New Zealand log exports hit a new record last year, underscoring the concerns of local manufacturers that the country is sending too many unprocessed logs overseas, posing a threat for local timber supply in the future and undermining the goal to add more value to exports.
The country exported $2.41 billion of softwood logs in the first 11 months of last year, surpassing all previous records for any full calendar year, according to the latest Statistics New Zealand figures. Data for the full year will be released on January 30.
New Zealand is experiencing strong demand for logs from China, which has clamped down on harvesting its own forests and reduced tariffs on imported logs to meet demand in its local market.
In the first 11 months of 2017, New Zealand exported $1.81b of logs to China, above the level for any full calendar year and accounting for 75 per cent of softwood exports.
Increased shipments of raw logs goes against the aim of successive governments to add more value to commodities and riles the wood processing sector, which says more manufacturing needs to be done at home to sustain the local industry.
It says an uptick in demand for wooden housing could see supply having to be met from overseas if the current situation prevails.
Prior to the election, the wood industry, representing New Zealand's third-largest export commodity group, was annoyed at the lack of attention it received from the Ministry for Primary Industries which it felt was more focused on food safety, agriculture, horticulture and biosecurity of the border. Forestry, it was felt, was at the bottom of the MPI pile and fronted by junior ministers and officials.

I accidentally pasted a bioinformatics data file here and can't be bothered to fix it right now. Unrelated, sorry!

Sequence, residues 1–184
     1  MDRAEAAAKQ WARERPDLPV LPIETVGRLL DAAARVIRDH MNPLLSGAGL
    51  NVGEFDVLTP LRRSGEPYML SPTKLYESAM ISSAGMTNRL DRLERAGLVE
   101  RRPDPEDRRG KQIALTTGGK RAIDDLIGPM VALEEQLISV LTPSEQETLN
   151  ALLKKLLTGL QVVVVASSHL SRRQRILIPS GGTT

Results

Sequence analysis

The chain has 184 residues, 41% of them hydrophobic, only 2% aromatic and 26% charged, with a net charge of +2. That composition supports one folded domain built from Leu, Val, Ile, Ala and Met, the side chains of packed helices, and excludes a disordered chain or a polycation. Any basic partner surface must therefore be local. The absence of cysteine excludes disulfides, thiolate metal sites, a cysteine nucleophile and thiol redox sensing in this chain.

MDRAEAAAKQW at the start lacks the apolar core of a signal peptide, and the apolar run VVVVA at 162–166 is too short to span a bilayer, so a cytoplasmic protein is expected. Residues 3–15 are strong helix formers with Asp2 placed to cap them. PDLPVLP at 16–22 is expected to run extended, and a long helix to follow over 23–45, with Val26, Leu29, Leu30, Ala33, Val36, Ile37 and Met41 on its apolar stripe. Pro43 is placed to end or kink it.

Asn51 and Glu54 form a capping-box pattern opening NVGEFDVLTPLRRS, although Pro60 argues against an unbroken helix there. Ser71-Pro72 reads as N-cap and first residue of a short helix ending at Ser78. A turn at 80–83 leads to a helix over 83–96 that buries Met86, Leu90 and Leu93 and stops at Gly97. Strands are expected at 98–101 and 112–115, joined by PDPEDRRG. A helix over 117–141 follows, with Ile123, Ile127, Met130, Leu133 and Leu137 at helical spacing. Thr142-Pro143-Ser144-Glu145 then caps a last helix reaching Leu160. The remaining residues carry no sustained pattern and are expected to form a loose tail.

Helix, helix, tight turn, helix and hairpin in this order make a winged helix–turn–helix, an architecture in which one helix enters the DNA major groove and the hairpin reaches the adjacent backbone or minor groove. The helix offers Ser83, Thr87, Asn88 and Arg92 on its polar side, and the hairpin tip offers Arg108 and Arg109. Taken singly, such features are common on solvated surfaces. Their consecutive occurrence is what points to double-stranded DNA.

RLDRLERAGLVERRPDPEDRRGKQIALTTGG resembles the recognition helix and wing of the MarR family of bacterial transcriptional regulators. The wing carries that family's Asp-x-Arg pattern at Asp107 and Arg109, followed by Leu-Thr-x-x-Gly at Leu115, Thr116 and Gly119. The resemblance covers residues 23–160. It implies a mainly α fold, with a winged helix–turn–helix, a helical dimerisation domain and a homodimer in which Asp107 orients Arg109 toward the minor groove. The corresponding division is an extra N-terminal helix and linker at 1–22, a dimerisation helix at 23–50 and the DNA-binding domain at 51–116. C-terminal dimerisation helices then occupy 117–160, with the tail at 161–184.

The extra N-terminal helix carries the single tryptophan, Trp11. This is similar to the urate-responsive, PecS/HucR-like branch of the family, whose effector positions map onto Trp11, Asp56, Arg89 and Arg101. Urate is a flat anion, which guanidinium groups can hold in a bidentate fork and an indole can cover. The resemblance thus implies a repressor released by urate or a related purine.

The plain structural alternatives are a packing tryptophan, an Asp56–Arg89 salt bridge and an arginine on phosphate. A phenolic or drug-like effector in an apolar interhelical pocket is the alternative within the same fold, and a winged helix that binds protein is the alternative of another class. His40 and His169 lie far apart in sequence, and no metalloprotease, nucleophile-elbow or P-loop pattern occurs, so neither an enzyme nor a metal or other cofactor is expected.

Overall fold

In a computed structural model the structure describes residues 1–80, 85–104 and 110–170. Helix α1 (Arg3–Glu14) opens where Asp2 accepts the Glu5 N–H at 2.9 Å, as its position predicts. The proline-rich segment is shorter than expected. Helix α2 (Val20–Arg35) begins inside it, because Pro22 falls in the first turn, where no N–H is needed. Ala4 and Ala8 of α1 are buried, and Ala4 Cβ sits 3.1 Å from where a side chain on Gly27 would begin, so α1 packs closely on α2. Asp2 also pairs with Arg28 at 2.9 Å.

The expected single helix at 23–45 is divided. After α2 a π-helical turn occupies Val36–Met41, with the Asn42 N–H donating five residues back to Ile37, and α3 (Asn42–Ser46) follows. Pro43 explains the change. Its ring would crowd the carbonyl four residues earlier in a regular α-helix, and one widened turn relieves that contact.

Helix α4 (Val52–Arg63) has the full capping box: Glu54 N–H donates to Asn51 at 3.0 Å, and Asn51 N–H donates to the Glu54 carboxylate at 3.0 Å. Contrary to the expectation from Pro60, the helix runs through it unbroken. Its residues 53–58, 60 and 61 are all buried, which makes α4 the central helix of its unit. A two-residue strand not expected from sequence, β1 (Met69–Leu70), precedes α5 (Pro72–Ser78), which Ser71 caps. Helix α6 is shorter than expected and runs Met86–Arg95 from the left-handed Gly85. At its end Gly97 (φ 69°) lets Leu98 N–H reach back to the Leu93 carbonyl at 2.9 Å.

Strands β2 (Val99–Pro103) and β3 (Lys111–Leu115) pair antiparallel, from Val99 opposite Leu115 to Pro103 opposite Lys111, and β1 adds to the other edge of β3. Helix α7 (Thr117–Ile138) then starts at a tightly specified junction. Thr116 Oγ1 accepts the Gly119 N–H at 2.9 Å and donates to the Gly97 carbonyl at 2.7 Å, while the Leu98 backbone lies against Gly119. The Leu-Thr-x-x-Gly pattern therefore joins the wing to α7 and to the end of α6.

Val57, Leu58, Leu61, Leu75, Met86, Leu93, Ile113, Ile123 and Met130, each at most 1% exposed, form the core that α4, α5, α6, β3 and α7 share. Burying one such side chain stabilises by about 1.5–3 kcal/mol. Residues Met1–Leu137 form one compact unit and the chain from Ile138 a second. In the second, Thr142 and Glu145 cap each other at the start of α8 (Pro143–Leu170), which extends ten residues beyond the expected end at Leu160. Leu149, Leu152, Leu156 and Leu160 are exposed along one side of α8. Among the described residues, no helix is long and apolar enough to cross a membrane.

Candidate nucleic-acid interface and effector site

The industry starts this year in a more upbeat mood with the new coalition government's commitment to re-establish the Forest Service, plant more trees, focus on regional economic development, require greater scrutiny of overseas investment in forestry, and improve the Emissions Trading Scheme for forestry amid industry concerns that foresters couldn't compete with rival land users such as dairy farmers under the current system.
"We are certainly on the radar now with the government very much pushing in the right direction. The whole industry has a much higher profile now," said Jon Tanner, chief executive of the Wood Processors & Manufacturers Association of New Zealand. "Forestry worldwide has to have the hand of government."
While government initiatives gave the industry more optimism about the long-term future, Tanner said uncertainty remained around the shorter term issue for the domestic market of more unprocessed logs heading overseas.
"We are still very concerned about the competition in the market right now and where that is going and how that is going to be regulated and tackled," he said. "We have got a major problem in the set up of the market. We have got a lot of logs being exported, and it's being increased.
"The demand out of China, all the pundits are saying, it's just only going to increase."
Other wood exporting countries such as Canada and Russia support their local industries while Chinese wood manufacturers benefit from subsidies, creating an uneven playing field for New Zealand processors, according to the WPMA which would like to see the government take a complaint to the World Trade Organisation.
Tanner said the WPMA was contacted by its counterparts in Australia late last year who were starting to experience a similar problem of increasing log exports to China.